CALIFORNIA — Three raging infernos on both ends of California have killed at least nine people, wiped out an entire town and forced a quarter million people from their homes.
As firefighters struggle to contain the trio of uncontrolled wildfires — the Camp, Woolsey and Hill fires — forecasters say intense winds and low humidity over the weekend could fuel the blazes and make them spread even farther.
In Northern California, evacuees trapped in traffic abandoned their cars and ran with their children in tow as the Camp Fire quickly closed in. Two fires in Southern California burned Malibu mansions to the ground and left employees at the Los Angeles Zoo racing to protect animals from the smoke. In Thousand Oaks, a community mourning 12 people killed in a bar this week, a recreation center where survivors grieved after the mass shooting was filled with people fleeing the fire.
•Death toll: The fast-moving Camp Fire killed at least nine people in Northern California. Some were inside cars and others were near or inside homes. They have not been identified.
Trump tweets: President Donald Trump blamed the wildfires on the “gross mismanagement of the forests” in a tweet early Saturday. “Remedy now, or no more Fed payments!” he said.
•Massive evacuations: Fire officials estimate the total number of people forced from their homes statewide is over 250,000.
•Burning and growing: By late Friday, the Camp Fire was the largest, swelling to 90,000 acres. The Woolsey Fire has torched about 35,000 acres while the Hill Fire was 4,531 acres.
•Containment: Firefighters are struggling to put down the flames. The Camp Fire is 5% percent contained while the Woolsey Fire remains uncontrolled. The Hill Fire was 15% contained.
•Destruction: In Northern California, at least 6,453 structures have been destroyed, including 80% to 90% of the homes in Paradise. In Los Angeles and Ventura counties, a significant number of homes were destroyed or damaged, fire officials said.
The Camp Fire in Northern California is now considered the most destructive fire in the state’s modern history. In addition to killing at least nine people in Paradise, it has destroyed 6,453 structures.
Of those killed, five people were found in or near a vehicle and the other four were found in or outside a home.
The fast-moving blaze consumed most of Paradise, a town roughly 80 miles north of Sacramento. Families described the scenes of panic and terror they lived while escaping.
“The flames were whipping and spreading so fast,” Whitney Vaughan said after fleeing her home in Paradise. “It began to jump the road. There wasn’t anywhere to go.”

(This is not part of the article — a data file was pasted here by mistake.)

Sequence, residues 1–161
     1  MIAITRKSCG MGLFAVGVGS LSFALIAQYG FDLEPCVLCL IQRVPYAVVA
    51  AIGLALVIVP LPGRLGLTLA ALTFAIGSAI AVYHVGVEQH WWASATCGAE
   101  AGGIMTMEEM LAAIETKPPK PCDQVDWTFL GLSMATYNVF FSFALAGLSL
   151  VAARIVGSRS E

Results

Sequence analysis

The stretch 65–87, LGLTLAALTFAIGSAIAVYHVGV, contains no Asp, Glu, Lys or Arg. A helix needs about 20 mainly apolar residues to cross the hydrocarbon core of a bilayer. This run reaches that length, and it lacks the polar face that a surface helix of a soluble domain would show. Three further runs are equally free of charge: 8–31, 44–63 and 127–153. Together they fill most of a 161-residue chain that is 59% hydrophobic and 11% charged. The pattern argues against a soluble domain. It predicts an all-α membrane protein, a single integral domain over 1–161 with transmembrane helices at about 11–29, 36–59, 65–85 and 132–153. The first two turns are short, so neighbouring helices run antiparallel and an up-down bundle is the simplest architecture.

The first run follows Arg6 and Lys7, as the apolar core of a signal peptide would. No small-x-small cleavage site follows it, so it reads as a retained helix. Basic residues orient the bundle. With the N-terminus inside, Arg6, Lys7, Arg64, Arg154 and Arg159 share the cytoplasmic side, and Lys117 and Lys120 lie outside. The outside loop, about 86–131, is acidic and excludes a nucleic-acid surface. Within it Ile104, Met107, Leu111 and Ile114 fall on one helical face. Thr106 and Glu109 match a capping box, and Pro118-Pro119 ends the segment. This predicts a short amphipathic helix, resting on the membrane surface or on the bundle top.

The town was mostly empty, and the main road littered with downed trees and power lines. Much of the brush and grasses were blackened along the valleys, and many trees were still burning. An estimated 52,000 people evacuated in Butte County, where Paradise is located.
Fire officials said three firefighters and some civilians were wounded but details about their injuries were unknown. About 35 people have been reported missing, authorities said.
More than 200,000 people have fled in Ventura County and Malibu due to the Woolsey Fire, officials said.
Firefighters worked to protect thousands of students and staff sheltering in place at Pepperdine University on Saturday as flames started reaching the campus overnight, school officials said.
The fire crossed US 101 a few miles east of Thousand Oaks — the site of Wednesday night’s bar shooting — and was headed south to the Pacific coast, in the direction of Malibu Creek State Park and Malibu city, the Los Angeles County Fire Department said.
And in Malibu, mandatory evacuations were ordered for the entire city, where about 12,000 people live, and is known for celebrity beachside homes.
The howling Santa Ana winds fueled the Woolsey Fire. The Santa Anas are strong, dry winds that high-pressure systems push from east to west, from the mountains and desert areas down into the Los Angeles area.
A round of Santa Ana winds is forecast to whip the area Sunday through Tuesday, though it may be weaker than Friday’s.
This is another fire burning near the site of this week’s mass shooting in Thousand Oaks.
It started Thursday and was initially spreading quickly, torching 10,000 acres in six hours. But firefighters have made some progress. As of Friday night, it was 15% contained.
Part of the blaze was burning into the footprint of a 2013 wildfire and that could slow its spread, Ventura County Fire Chief Mark Lorenzen said.
While no homes or businesses have been lost to the fast-moving blaze, a number of RVs and outbuildings have been burned and a firefighter suffered a minor injury, authorities said.